◼ The bipartisan House Ethics Committee has finally released its report on Representative George Santos, the Republican congressman from Long Island and Queens found to have lied—often in wildly entertaining fashion, it must be granted—about nearly every aspect of his biography, including his ethnicity and marital history. According to the committee, these lies were part of Santos's attempt to financially exploit a no-hope candidacy for Congress in an overwhelmingly Democratic district: The plan was to raise money from donors for a losing bid against a well-entrenched and high-profile liberal and then take the money and run. Instead, thanks to a shocking last-minute court-ordered redistricting, he actually won. As a new representative rather than a failed candidate, Santos—his life and the lies he had told about it—immediately came under scrutiny and his fraud was revealed. Santos has announced he will not be running for reelection, which should give him more time to avoid going to prison.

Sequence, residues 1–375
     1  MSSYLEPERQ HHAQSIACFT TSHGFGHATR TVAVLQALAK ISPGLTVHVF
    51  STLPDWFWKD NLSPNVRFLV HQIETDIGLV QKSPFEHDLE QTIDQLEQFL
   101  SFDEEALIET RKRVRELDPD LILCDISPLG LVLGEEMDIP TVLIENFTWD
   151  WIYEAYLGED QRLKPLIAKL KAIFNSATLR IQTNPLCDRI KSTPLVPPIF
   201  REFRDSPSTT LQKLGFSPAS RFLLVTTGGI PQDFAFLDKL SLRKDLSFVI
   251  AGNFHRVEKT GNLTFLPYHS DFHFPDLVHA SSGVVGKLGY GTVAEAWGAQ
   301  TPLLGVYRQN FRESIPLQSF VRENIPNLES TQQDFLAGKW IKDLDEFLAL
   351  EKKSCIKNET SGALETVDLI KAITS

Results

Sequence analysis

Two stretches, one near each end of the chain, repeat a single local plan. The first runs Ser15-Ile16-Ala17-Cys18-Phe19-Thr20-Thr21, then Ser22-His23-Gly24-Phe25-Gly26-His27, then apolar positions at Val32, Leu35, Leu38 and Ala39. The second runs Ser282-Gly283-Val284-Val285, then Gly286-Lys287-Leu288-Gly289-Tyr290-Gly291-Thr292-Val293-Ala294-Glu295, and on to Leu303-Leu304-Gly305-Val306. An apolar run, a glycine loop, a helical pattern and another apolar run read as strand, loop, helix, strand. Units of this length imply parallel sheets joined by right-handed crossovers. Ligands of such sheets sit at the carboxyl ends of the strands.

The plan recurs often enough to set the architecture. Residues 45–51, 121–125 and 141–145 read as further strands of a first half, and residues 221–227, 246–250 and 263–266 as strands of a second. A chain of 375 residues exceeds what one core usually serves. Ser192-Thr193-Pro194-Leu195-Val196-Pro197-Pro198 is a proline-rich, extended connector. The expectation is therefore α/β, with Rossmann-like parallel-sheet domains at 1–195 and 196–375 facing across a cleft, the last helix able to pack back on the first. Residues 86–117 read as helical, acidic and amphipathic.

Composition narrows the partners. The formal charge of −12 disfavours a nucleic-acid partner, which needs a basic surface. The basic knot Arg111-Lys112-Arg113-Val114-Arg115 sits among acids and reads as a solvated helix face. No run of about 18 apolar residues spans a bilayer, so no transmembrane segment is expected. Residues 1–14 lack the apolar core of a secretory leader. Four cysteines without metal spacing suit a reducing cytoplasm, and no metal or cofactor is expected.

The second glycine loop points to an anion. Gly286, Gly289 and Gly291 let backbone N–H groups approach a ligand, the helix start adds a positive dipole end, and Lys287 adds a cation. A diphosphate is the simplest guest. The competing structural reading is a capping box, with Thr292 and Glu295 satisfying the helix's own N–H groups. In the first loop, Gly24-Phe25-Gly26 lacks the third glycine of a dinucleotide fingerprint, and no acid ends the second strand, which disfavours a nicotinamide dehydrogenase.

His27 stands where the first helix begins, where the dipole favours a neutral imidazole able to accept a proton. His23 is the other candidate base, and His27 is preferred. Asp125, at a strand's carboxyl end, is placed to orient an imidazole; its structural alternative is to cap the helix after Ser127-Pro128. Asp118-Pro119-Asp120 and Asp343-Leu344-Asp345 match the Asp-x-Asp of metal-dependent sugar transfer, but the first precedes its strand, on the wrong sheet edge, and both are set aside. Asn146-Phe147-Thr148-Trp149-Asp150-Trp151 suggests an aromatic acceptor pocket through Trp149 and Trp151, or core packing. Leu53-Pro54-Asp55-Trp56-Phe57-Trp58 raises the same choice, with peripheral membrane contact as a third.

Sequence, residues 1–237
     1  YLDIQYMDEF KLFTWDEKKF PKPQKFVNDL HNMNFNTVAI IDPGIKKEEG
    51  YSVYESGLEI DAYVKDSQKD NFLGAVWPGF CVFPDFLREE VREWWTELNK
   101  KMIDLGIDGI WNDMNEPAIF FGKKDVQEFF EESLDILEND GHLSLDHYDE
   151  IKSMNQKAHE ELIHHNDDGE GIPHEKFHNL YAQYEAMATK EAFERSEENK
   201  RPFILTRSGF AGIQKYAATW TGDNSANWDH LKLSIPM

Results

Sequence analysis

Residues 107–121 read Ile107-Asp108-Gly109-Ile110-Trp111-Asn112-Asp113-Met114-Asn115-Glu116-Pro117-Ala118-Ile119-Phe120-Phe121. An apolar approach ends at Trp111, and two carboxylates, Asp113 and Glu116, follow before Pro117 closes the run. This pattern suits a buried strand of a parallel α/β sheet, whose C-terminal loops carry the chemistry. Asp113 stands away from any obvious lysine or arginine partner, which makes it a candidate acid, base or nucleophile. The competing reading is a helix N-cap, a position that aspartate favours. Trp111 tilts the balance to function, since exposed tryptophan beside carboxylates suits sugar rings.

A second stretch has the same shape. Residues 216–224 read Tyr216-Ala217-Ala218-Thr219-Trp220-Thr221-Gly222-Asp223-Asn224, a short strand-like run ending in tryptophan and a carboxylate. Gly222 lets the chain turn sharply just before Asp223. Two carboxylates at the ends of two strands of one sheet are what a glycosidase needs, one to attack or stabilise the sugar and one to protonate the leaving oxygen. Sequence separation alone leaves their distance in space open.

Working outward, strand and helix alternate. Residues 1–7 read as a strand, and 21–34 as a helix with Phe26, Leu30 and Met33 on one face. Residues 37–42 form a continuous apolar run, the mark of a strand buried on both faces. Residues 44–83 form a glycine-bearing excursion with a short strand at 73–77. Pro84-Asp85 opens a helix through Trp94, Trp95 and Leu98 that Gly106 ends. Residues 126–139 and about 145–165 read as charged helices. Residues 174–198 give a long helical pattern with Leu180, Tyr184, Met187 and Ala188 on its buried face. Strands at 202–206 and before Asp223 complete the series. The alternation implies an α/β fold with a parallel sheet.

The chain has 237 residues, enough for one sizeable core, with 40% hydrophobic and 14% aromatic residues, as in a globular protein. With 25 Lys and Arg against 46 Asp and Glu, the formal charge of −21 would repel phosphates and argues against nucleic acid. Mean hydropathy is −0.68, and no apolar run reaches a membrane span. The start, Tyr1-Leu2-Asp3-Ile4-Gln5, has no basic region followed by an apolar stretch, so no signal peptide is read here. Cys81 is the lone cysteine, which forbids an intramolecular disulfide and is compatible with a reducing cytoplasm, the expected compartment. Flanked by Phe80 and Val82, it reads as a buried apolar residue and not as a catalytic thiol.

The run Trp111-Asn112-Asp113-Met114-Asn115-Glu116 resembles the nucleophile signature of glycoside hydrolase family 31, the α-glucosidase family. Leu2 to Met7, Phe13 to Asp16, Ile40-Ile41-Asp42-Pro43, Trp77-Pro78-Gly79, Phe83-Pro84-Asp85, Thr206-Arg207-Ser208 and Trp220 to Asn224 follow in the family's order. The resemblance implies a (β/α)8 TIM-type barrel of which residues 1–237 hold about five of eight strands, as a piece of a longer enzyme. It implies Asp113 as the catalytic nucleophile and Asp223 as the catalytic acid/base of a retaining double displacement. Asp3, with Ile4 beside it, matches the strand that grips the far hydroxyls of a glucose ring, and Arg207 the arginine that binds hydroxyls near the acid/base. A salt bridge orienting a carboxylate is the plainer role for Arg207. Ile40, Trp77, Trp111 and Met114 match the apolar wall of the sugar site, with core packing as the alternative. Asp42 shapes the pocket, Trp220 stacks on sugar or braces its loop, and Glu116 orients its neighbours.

◼ Hearings of the Senate Health, Education, Labor, and Pensions Committee are usually not exciting affairs. But Oklahoma senator Markwayne Mullin and Teamsters president Sean O'Brien decided to turn a sleepy Tuesday session into the WWE. During his allotted time, Mullin read a series of critical tweets that O'Brien had previously sent about or at him, for example: "You know where to find me. Anyplace, Anytime cowboy." Mullin told O'Brien that "this"—the Senate hearing, apparently—"is a place" and asked O'Brien whether he wanted to settle their dispute there and then. "I'd love to do it right now," O'Brien responded. "Well, stand your butt up then," Mullin replied. "You stand your butt up," the Teamster shot back. Mullin stood up and appeared to be readying for a brawl when committee chairman Bernie Sanders, banging his gavel repeatedly, ordered them to cut it out. "This is a hearing," Sanders bellowed, "and God knows the American people have enough contempt for Congress. Let's not make it worse." We don't often agree with Bernie, but we can't argue here.